The Devils Actually Locked Down a Lead Late: I really liked how the Devils played the last few minutes of the game. They actually kept the Wild more than honest. The line of Mike Cammalleri, Jaromir Jagr, and Travis Zajac nearly scored with a couple of minutes left when Jagr forced a turnover and Cammalleri hammered a shot off the pipe left to Darcy Kuemper. The team just forced the Wild to dump it in if at all; they won pucks quickly in their own end; and they made multiple stops in the neutral zone. Kuemper tried to get off the ice but he couldn't.
The Devils did get a literally fortunate break. A Wild player - his number escapes me at the moment - broke his stick ahead of his blueline. Jagr was about to pick up the loose puck, but the stickless player decided he'd try to kick it away. At the same time, players were changing around him. It was an easy too many men on the ice call. They attempted one long pass, Marek Zidlicky threw it up the boards to Jagr; Jagr passed it across to Zajac; Zajac got to the red line and got the PPG ENG. The Devils would score on a power play after all and it iced the game. But more than that, the players did an excellent job late to deny the Wild from a late charge instead of hoping Schneider would stop a flurry or something like that.
Some Players Impressed: Jacob Josefson, Tuomo Ruutu, and Steve Bernier didn't play a lot but things went quite well when they did play. Josefson was flying out there, as was Bernier. He was quite good on the PK and I feel bad that he got struck up high that led to a double minor on Charlie Coyle. Ruutu re-directed a shot by Seth Helgeson that led to the game's first goal. All three were good on the puck and generally pushed the play forward. All that and a goal is a good night for a bottom six unit. The only real negatives were the penalties Bernier (an offensive zone penalty, no less) and Josefson took.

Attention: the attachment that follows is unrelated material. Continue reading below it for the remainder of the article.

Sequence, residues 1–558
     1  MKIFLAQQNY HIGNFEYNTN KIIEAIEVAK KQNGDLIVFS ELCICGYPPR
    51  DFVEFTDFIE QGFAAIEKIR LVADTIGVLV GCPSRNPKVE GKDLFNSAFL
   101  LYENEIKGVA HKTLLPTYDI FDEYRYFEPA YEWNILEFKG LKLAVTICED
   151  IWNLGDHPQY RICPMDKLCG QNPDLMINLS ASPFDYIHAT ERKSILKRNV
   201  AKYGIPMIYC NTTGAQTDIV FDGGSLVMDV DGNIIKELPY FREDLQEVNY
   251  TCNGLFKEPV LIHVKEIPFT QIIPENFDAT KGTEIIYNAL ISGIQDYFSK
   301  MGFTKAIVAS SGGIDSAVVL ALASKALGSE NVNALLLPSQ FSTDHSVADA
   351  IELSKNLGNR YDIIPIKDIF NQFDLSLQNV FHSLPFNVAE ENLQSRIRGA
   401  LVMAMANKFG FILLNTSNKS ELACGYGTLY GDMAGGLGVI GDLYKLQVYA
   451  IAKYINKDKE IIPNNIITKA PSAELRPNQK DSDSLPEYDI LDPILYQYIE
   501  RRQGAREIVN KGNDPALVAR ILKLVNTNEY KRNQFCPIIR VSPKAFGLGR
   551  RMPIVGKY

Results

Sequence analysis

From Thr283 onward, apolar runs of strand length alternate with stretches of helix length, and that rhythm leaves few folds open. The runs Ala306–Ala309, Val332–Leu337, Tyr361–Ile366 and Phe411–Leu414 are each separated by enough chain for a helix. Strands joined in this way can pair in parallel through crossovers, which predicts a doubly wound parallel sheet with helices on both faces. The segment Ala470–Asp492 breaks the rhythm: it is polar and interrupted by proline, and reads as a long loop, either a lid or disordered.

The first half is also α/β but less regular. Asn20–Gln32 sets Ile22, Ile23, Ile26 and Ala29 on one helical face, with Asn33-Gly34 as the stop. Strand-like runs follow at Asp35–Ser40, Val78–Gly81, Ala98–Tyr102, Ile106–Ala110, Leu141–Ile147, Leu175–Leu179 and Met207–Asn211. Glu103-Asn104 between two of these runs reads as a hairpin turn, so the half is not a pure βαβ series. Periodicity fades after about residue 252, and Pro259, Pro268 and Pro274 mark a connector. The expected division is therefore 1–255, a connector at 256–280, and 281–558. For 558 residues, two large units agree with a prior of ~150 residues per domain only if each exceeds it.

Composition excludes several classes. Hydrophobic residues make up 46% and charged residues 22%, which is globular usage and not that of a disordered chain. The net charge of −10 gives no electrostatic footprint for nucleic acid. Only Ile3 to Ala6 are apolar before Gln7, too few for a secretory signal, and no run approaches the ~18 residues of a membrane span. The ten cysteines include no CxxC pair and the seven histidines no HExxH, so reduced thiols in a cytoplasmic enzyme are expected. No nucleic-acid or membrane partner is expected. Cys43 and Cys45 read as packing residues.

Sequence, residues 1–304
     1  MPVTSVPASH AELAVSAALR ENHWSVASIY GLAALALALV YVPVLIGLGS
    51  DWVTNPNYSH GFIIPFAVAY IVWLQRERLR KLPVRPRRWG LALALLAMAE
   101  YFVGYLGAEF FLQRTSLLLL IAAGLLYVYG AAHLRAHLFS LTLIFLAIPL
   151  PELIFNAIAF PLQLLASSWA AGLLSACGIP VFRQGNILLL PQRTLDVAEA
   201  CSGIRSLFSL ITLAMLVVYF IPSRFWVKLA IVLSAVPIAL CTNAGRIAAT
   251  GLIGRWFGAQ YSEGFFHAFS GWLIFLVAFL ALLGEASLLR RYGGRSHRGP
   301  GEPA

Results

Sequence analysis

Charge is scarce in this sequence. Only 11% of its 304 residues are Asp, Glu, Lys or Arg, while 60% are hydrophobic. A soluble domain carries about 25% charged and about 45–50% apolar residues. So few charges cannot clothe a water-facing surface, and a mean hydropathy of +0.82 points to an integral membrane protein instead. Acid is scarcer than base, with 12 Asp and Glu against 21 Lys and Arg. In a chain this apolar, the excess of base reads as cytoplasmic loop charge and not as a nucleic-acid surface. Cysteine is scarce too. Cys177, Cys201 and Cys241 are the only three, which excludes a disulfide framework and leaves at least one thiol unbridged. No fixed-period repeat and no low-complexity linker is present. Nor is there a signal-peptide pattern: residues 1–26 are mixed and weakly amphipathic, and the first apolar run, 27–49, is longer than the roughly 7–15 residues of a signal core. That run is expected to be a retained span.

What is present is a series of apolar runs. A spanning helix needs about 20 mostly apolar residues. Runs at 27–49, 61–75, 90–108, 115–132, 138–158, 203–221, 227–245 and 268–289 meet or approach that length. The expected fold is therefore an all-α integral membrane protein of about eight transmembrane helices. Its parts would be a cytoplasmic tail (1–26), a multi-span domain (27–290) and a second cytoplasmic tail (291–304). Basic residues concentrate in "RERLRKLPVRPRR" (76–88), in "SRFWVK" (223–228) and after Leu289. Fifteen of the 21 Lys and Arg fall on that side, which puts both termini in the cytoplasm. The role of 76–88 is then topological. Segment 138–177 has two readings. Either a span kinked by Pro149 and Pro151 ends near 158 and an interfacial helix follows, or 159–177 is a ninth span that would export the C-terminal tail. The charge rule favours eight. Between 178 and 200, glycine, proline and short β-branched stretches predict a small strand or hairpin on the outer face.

While possession went well against him (-9!), Adam Larsson was far more steady in his own end of the rink tonight. He wasn't soft on pucks nor shy from contact. This was important on early shifts with Helgeson making his debut and later on when he was being rotated with the other four defensemen. As for defensemen who did well in possession, Andy Greene had the kind of night you'd see more often from last season. That's important from him as he's the one good veteran defenseman on the blueline. The only defensemen he didn't come ahead in possession with was, well, Larsson. OK, maybe Larsson wasn't all that - but he didn't make massive errors either.
Mike Cammalleri, Travis Zajac, and Jaromir Jagr were a force when they got going on offense. Cammalleri piled in a rebound and hit iron twice: a deflection striking the crossbar on that longer power play in the third and that shot off the post late in the game. Jagr was pivoting like a stud power forward in basketball to varying effect. Zajac was reading both of them well. Their issue was that while it was clear what they were trying to do in terms of their passing in Minnesota's end and they were good ideas, the execution was thwarted by the Wild's defense. That unit saw plenty of Ryan Suter and Jonas Brodin, which is a tough pairing, and nearly all of the Wild forwards backchecked real well. Still, they were contributing and threatening - even late - and that's what you want from that unit.